In preparation for changing how struct net is refcounted on kernel sockets pass the knowledge that we are creating a kernel socket from sock_create_kern through to sk_alloc. Signed-off-by: "Eric W. Biederman" <ebiederm@xmission.com> Signed-off-by: David S. Miller <davem@davemloft.net>
2015-03-02net: Remove iocb argument from sendmsg and recvmsgYing Xue
After TIPC doesn't depend on iocb argument in its internal implementations of sendmsg() and recvmsg() hooks defined in proto structure, no any user is using iocb argument in them at all now. Then we can drop the redundant iocb argument completely from kinds of implementations of both sendmsg() and recvmsg() in the entire networking stack. Cc: Christoph Hellwig <hch@lst.de> Suggested-by: Al Viro <viro@ZenIV.linux.org.uk> Signed-off-by: Ying Xue <ying.xue@windriver.com> Signed-off-by: David S. Miller <davem@davemloft.net>
2011-11-22atm: Introduce vcc_process_recv_queueJorge Boncompte [DTI2]
This function moves the implementation found in the clip and br2684 modules to common code, correctly unlinks the skb from the queue before pushing it and makes pppoatm use it. Signed-off-by: Jorge Boncompte [DTI2] <jorge@dti2.net> Signed-off-by: David S. Miller <davem@davemloft.net>
2009-09-30net: Make setsockopt() optlen be unsigned.David S. Miller
This provides safety against negative optlen at the type level instead of depending upon (sometimes non-trivial) checks against this sprinkled all over the the place, in each and every implementation. Based upon work done by Arjan van de Ven and feedback from Linus Torvalds. Signed-off-by: David S. Miller <davem@davemloft.net>
2008-12-03atm: 32-bit ioctl compatibilityDavid Woodhouse
We lack compat ioctl support through most of the ATM code. This patch deals with most of it, and I can now at least use BR2684 and PPPoATM with 32-bit userspace. I haven't added a .compat_ioctl method to struct atm_ioctl, because AFAICT none of the current users need any conversion -- so we can just call the ->ioctl() method in every case. I looked at br2684, clip, lec, mpc, pppoatm and atmtcp. In svc_compat_ioctl() the only mangling which is needed is to change COMPAT_ATM_ADDPARTY to ATM_ADDPARTY. Although it's defined as _IOW('a', ATMIOC_SPECIAL+4,struct atm_iobuf) it doesn't actually _take_ a struct atm_iobuf as an argument -- it takes a struct sockaddr_atmsvc, which _is_ the same between 32-bit and 64-bit code, so doesn't need conversion. Almost all of vcc_ioctl() would have been identical, so I converted that into a core do_vcc_ioctl() function with an 'int compat' argument. I've done the same with atm_dev_ioctl(), where there _are_ a few differences, but still it's relatively contained and there would otherwise have been a lot of duplication. I haven't done any of the actual device-specific ioctls, although I've added a compat_ioctl method to struct atmdev_ops. Signed-off-by: David Woodhouse <David.Woodhouse@intel.com> Signed-off-by: David S. Miller <davem@davemloft.net>
2007-10-10[NET]: Make socket creation namespace safe.Eric W. Biederman
This patch passes in the namespace a new socket should be created in and has the socket code do the appropriate reference counting. By virtue of this all socket create methods are touched. In addition the socket create methods are modified so that they will fail if you attempt to create a socket in a non-default network namespace. Failing if we attempt to create a socket outside of the default network namespace ensures that as we incrementally make the network stack network namespace aware we will not export functionality that someone has not audited and made certain is network namespace safe. Allowing us to partially enable network namespaces before all of the exotic protocols are supported. Any protocol layers I have missed will fail to compile because I now pass an extra parameter into the socket creation code. [ Integrated AF_IUCV build fixes from Andrew Morton... -DaveM ] Signed-off-by: Eric W. Biederman <ebiederm@xmission.com> Signed-off-by: David S. Miller <davem@davemloft.net>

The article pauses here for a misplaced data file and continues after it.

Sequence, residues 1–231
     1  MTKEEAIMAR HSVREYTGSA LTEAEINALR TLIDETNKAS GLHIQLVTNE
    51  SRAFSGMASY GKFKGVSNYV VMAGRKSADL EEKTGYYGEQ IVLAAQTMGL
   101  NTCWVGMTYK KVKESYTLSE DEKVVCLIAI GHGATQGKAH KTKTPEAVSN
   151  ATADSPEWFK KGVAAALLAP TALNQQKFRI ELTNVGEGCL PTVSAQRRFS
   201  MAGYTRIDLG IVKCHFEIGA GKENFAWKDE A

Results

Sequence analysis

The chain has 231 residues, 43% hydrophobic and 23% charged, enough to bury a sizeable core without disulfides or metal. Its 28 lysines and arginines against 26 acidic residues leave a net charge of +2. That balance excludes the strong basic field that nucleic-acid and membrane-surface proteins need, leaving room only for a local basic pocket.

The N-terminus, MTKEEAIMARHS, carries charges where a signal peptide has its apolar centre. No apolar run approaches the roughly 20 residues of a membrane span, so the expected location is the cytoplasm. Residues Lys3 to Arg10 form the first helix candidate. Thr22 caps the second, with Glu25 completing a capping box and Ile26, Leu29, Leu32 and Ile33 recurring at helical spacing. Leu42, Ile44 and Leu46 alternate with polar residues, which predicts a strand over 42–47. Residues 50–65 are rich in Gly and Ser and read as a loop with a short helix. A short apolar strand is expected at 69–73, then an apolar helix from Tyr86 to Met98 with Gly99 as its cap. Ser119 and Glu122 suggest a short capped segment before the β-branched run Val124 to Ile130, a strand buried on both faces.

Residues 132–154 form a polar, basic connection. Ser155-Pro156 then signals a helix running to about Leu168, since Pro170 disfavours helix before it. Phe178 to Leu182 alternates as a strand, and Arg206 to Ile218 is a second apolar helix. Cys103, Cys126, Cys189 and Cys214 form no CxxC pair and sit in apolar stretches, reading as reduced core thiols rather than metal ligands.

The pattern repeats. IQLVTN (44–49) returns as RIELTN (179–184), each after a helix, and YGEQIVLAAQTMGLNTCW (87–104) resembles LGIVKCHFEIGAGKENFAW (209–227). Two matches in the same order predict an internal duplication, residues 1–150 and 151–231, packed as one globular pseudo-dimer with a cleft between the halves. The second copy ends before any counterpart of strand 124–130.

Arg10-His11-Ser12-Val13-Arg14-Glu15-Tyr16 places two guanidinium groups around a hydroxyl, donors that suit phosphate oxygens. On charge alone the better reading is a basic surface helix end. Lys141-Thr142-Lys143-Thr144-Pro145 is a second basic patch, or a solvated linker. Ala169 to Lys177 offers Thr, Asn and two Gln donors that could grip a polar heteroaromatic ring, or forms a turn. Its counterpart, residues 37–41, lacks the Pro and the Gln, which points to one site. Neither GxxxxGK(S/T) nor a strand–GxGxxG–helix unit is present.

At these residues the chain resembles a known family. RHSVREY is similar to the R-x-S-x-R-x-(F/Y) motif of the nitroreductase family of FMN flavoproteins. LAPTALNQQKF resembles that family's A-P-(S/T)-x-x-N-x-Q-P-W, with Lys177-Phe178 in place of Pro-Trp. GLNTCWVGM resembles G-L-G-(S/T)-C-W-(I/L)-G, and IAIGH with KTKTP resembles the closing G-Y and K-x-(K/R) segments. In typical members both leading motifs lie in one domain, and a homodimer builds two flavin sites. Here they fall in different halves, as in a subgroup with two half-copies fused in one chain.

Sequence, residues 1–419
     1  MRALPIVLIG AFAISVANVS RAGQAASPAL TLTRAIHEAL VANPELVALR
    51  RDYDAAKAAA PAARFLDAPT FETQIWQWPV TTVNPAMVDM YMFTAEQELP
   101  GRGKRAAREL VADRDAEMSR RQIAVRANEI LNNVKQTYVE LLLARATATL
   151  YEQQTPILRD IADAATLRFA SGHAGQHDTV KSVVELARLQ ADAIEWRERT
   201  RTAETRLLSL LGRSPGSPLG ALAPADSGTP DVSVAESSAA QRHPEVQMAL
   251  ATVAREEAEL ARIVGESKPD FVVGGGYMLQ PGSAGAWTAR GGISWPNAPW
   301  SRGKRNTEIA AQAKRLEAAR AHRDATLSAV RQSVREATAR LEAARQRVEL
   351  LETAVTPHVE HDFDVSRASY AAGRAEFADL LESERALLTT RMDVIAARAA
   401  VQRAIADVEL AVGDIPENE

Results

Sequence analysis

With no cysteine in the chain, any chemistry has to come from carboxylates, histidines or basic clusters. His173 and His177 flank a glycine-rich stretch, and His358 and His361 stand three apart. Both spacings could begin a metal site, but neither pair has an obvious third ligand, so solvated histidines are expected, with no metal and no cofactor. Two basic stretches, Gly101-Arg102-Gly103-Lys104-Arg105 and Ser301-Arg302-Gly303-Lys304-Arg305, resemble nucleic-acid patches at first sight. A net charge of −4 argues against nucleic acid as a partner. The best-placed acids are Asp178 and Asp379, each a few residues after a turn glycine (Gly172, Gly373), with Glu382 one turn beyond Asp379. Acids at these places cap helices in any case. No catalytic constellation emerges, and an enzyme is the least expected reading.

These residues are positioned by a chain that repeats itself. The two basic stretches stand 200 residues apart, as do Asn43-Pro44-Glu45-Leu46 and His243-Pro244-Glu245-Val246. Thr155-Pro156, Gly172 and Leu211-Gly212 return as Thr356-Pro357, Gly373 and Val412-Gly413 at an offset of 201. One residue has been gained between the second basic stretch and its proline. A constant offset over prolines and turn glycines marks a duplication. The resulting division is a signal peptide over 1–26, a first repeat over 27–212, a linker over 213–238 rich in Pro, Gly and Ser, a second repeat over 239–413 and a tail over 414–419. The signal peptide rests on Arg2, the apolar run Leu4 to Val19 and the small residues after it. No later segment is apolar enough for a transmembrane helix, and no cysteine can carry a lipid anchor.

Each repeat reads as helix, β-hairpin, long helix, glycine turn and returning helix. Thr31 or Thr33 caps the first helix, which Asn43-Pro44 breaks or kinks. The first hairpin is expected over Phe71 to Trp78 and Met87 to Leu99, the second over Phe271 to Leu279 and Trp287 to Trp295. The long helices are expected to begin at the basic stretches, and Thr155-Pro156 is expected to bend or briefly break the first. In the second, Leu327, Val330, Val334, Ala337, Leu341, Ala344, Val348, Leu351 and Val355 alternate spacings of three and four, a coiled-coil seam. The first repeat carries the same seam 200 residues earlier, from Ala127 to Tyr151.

2007-02-10[NET] ATM: Fix whitespace errors.YOSHIFUJI Hideaki
Signed-off-by: YOSHIFUJI Hideaki <yoshfuji@linux-ipv6.org> Signed-off-by: David S. Miller <davem@davemloft.net>
2006-06-29[ATM]: basic sysfs support for ATM devicesRoman Kagan
Signed-off-by: Chas Williams <chas@cmf.nrl.navy.mil> Signed-off-by: David S. Miller <davem@davemloft.net>
2005-11-29[ATM]: deregistration removes device from atm_devs list immediatelyStanislaw Gruszka
atm_dev_deregister() removes device from atm_dev list immediately to prevent operations on a phantom device. Decision to free device based only on ->refcnt now. Remove shutdown_atm_dev() use atm_dev_deregister() instead. atm_dev_deregister() also asynchronously releases all vccs related to device. Signed-off-by: Stanislaw Gruszka <stf_xl@wp.pl> Signed-off-by: Chas Williams <chas@cmf.nrl.navy.mil> Signed-off-by: David S. Miller <davem@davemloft.net>
2005-04-16Linux-2.6.12-rc2v2.6.12-rc2Linus Torvalds
Initial git repository build. I'm not bothering with the full history, even though we have it. We can create a separate "historical" git archive of that later if we want to, and in the meantime it's about 3.2GB when imported into git - space that would just make the early git days unnecessarily complicated, when we don't have a lot of good infrastructure for it. Let it rip!